6 Important Questions About Dogs in Cars That Could Save Your Dog’s Life

My dog Clovis and I love going hiking together, so we’ve spent a lot of time in the car.

But as a responsible, loving dog-owner I exercise extreme caution when he’s in there, carefully planning my itinerary to avoid unnecessary stops, and forgoing certain luxuries like stopping for meals. The inconvenience to me of not being able to leave him in the car is still less than the dissatisfaction that we’d both feel if I always just left him at home. After all, I didn’t get a dog so he could just sit at home waiting for me, I got him so he could share in my life.

So I’ve learned to adapt to having my dog in the car, and I’ve put together the answers to the most important questions that everyone should know about dogs and parked cars on warm days.

1. How hot does it have to be outside to be too hot in the car for my dog?

Dogs in Cars and Important Things You Need to KnowUnfortunately, because cars can heat up so fast, it doesn’t need to be very hot outside to be too hot for your dog. The American Veterinary Medicine Association (AVMA) has this handy chart that shows how hot cars can get depending on the temperature outside. Really, if it’s at all warm and sunny, then dogs shouldn’t be left in cars.

2. What if I leave the windows open?

If it’s really windy, and you leave the windows fully open (in which case your dog will probably escape), then it probably could help keep the car cool. Unfortunately, for obvious reasons, most dog owners don’t leave their windows fully open, and leaving them cracked doesn’t move enough air around to make a difference. So even with the windows cracked, if it’s at all warm and sunny, don’t leave dogs in cars.

3. What if I park in the shade?

Again, depending on the situation, parking in the shade could potentially make it safe for your dog to be in the car. Unfortunately, shade moves, and on warm days, even cars parked in the shade can get dangerously hot for your dog. He’ll thank you for not doing it.

4. What if it’s only for five minutes?

Are you sure it’s only going to be five minutes? Maybe you can’t find what you’re looking for, or maybe the checkout line is longer than you expected and then your 5 minute stop becomes a 15 minute stop. But even if it is just five minutes, this is usually still too long to leave a dog in a car on a warm day. Try sitting in your car for five minutes and see how you feel; it’ll be much worse for your dog since he’s covered in fur and can’t sweat other than through his feet.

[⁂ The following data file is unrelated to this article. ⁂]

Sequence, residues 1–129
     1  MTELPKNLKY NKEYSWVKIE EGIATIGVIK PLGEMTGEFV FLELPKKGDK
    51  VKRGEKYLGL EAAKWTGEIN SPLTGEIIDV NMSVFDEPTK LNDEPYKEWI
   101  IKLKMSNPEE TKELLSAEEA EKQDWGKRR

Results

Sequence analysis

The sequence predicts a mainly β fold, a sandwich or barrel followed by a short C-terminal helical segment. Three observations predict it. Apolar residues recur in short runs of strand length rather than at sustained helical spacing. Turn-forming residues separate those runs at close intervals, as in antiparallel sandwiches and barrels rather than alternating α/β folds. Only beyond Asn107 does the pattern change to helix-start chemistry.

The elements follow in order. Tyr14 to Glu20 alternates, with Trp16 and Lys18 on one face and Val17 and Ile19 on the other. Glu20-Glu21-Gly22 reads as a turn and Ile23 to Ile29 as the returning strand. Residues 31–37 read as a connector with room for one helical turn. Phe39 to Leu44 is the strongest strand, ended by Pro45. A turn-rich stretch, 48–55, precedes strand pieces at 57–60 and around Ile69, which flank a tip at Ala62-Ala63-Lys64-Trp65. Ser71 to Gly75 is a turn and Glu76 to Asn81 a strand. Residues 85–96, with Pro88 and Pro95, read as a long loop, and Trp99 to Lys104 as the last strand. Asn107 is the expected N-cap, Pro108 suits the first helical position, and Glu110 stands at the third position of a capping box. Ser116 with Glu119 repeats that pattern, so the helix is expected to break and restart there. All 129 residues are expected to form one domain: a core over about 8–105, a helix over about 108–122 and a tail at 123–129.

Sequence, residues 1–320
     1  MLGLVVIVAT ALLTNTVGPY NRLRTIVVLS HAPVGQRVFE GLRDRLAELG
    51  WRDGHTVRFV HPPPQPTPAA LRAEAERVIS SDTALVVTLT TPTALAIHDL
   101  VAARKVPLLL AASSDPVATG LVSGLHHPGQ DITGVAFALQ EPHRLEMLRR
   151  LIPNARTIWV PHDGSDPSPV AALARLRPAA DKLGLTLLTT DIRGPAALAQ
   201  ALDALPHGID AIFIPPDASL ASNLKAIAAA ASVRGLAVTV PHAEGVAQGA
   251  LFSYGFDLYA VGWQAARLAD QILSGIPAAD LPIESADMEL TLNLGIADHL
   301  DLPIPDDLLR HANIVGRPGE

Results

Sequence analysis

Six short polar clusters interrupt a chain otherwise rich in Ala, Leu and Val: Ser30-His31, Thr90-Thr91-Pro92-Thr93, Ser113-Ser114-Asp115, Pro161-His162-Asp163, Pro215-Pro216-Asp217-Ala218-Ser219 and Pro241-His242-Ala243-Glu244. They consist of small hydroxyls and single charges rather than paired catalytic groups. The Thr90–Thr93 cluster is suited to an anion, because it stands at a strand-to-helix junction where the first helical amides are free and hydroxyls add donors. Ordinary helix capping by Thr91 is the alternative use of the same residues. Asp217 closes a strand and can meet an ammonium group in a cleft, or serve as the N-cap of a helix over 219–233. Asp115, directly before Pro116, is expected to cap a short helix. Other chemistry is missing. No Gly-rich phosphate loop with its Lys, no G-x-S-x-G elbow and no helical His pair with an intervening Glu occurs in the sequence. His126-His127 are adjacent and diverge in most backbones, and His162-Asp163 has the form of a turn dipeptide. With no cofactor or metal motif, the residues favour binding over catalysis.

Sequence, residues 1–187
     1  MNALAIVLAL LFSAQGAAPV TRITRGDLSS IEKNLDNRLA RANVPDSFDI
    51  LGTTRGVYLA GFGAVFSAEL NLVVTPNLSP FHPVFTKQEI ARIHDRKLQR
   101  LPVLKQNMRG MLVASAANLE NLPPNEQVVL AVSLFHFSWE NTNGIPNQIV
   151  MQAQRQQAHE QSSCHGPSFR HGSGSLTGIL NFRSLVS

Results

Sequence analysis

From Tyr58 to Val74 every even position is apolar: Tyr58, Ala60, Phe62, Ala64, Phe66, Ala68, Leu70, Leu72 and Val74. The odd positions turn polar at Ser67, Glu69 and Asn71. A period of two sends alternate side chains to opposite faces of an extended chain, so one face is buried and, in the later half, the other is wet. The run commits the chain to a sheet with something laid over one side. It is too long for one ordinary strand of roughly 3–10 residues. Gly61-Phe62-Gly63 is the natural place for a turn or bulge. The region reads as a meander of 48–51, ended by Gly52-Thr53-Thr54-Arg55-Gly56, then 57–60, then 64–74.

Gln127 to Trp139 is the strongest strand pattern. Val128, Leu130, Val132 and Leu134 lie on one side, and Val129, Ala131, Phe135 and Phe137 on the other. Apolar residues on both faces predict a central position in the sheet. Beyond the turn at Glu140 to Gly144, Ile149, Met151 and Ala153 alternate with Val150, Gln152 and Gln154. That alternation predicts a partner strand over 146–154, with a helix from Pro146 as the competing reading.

5. What should I do if I see a dog in a hot car?

Dogs in Cars and How to Keep Your Pet Dog SafeIf the dog looks to be at all in distress you should call the police. Nearly every city and state has different laws for how to deal with dogs in hot cars so while you might think you’re saving a dog, the dog’s owner might just think that you’re liable for a smashed window. While you’re waiting for the police to show up, go into the store and ask a manager to try to page the dog’s owner over the PA system. Stay with the dog until the authorities arrive or until the owner returns. You should only try to rescue yourself as a last resort, if it looks like it’s in imminent danger.

6. What should I do if I want to stop for an errand while my dog is in the car?

There are lots of safe ways to stop while your dog is in the car. If you’re not driving alone, then have the other person run inside while you stay with your dog to keep him safe. If you’re alone, stop somewhere with a drive-thru window so that you can remain in your car with your dog. Alternately more and more restaurants and bars offer patio where they allow well-behaved dogs to hang out with their owners so that they don’t have to be left in the car.

Your dog always loves going along for the ride, and so you shouldn’t have to just leave him at home. With these tips for keeping him safe, you’ll be able to enjoy many great adventures together. Happy Travels!

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William LoopeskoWilliam Loopesko- Founder and CEO of Go Pawsible

William Loopesko is an active dog owner who loves going hiking with his dog Clovis. Out of a concern for Clovis’ safety when they’re together in the car, William was inspired to start Go Pawsible and make is possible to leave a dog in a parked car without worrying about its safety. Go Pawsible is working hard to create the world’s first ever product specifically designed to keep dogs cool when they’re left in cars so that they are able to spend more times with their owners. The product will feature a rechargeable-battery powered cooling system that will keep dogs cool regardless of the outside temperature, and will be connected to smartphone app so that the owner can monitor the dog and make sure he’s safe. To learn more about Go Pawsible and their plans to create a world where no dog ever again has to suffer in a hot car, visit GoPawsible.com or email info@GoPawsible.com.

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